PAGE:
Although the OECD's Multilateral Agreement on Investment (MAI) was planned for later signature by developing nations, it was criticized strongly by NGOs and developing countries, which said it did not sufficiently protect laborers and the environment. At the same time, differences in opinion continued even in negotiations among the OECD countries concerning issues such as the balance between each nation regarding the handling of exceptions for national treatment and most-favored-nation treatment, as well as the issue of cultural exceptions, the handling of regional economic integration and subnational issues, and dispute settlement. Negotiations on the MAI were discontinued in 1998.

Dispute resolution is an issue bound to be handled carefully by countries taking the position of the Calvo principle, which places priority on the domestic administration of justice over an international dispute resolution mechanism. Although the International Centre for Settlement of Investment Disputes (ICSID) was established in 1965 under the auspices of the World Bank, based on the Convention on the Settlement of Investment Disputes between States and Nationals of Other States, Latin American states and other nations opposed an agreement based on this principle. Even now, Brazil, Mexico, and India have still not agreed.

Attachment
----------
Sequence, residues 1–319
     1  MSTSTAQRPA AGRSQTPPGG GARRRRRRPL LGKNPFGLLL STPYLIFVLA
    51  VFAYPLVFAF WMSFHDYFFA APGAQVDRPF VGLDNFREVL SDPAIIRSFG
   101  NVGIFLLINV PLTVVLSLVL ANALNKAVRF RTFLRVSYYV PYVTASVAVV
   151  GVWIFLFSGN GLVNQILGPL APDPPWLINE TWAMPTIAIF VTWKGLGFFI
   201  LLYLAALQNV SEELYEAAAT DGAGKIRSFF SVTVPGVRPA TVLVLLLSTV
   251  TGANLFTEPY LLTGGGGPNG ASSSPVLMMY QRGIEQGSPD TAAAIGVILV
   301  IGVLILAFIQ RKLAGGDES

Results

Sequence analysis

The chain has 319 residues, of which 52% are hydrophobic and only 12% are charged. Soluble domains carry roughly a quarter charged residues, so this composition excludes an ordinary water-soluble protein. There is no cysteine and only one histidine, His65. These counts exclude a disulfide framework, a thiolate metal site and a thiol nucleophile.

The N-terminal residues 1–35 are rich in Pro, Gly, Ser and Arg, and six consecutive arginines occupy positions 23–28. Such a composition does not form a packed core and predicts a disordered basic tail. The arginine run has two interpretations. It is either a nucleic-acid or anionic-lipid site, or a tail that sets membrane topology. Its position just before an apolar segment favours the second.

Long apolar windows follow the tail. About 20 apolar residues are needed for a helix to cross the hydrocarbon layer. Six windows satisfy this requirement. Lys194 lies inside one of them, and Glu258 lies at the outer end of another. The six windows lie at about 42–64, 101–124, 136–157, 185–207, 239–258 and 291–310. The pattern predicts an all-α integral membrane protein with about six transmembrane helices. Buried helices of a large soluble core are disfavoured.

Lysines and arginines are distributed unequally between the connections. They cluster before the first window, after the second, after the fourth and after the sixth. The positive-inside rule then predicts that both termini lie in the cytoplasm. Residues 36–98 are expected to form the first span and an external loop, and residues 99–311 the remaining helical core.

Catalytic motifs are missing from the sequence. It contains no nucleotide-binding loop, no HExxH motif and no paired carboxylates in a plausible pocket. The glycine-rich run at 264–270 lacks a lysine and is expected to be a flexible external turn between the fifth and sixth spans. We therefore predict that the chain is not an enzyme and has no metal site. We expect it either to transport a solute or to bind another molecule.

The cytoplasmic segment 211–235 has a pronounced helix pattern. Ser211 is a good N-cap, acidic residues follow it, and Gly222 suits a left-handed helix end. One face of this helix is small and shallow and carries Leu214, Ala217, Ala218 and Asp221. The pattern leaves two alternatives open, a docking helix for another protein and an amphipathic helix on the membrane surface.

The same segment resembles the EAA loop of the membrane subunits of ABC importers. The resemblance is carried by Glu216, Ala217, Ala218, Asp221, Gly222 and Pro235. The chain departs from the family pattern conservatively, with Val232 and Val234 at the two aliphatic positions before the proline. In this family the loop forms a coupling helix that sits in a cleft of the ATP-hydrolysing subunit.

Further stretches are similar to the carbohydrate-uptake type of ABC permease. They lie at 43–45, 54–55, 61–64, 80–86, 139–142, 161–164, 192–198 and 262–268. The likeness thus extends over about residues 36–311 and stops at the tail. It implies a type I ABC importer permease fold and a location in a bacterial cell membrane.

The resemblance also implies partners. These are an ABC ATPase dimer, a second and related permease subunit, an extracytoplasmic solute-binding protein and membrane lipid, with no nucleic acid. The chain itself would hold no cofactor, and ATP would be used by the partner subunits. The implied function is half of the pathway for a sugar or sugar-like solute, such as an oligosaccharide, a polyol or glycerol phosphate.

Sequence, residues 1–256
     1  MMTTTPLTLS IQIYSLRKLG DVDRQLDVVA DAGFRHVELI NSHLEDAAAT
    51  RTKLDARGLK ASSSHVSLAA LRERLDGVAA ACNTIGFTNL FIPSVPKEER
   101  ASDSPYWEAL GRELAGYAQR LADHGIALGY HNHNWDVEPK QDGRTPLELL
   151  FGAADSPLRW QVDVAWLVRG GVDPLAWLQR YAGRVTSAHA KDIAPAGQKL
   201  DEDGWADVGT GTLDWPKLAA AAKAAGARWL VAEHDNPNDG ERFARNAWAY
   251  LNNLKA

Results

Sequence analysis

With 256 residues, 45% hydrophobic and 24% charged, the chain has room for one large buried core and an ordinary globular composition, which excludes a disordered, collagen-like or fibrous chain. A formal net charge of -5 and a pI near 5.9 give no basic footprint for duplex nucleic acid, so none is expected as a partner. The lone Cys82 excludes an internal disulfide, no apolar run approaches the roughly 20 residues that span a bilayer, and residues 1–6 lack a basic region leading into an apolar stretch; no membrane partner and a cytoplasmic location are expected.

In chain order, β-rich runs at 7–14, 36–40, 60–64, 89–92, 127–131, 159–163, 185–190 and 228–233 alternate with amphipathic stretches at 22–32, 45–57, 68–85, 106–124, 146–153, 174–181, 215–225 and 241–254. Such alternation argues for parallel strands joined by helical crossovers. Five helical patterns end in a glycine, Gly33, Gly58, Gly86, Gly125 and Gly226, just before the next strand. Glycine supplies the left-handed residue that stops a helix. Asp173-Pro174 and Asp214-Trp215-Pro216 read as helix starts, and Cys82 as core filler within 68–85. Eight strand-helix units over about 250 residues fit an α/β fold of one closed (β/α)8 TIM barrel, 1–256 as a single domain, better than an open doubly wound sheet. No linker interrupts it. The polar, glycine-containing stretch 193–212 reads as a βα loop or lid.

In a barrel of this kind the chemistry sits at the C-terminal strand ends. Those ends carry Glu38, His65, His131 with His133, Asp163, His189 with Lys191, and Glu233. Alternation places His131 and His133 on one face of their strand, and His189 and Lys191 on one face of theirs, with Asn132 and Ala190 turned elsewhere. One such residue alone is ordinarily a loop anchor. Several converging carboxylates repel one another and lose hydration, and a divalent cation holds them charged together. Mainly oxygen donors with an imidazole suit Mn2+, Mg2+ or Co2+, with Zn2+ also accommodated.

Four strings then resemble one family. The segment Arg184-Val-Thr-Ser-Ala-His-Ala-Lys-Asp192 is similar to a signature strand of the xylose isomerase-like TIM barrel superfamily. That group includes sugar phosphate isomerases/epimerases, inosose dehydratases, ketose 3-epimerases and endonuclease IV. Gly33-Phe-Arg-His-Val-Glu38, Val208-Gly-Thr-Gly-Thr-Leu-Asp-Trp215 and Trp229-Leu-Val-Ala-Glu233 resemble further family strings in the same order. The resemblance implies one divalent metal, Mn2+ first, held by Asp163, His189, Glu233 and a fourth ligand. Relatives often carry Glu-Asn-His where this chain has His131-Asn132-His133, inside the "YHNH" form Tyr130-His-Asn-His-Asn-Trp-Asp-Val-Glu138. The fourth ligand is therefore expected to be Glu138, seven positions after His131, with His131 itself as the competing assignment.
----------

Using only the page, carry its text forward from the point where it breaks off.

Furthermore, in the Uruguay Round the Agreement on Trade-Related Investment Measures (TRIMs Agreement), which prohibits performance requirements involving quantitative restrictions, was adopted. Concerning inconsistencies with this agreement, the domestic automobile development policies of Brazil, Indonesia, India, and the Philippines have been brought forward or made subject to consultation for dispute settlement. Also, developing countries were not easily able to attain extensions of the period for removing measures that do not comply with the agreement. In response to these incidents, developing countries remain concerned that adoption of a new agreement would impede their freedom to implement their own domestic development policies.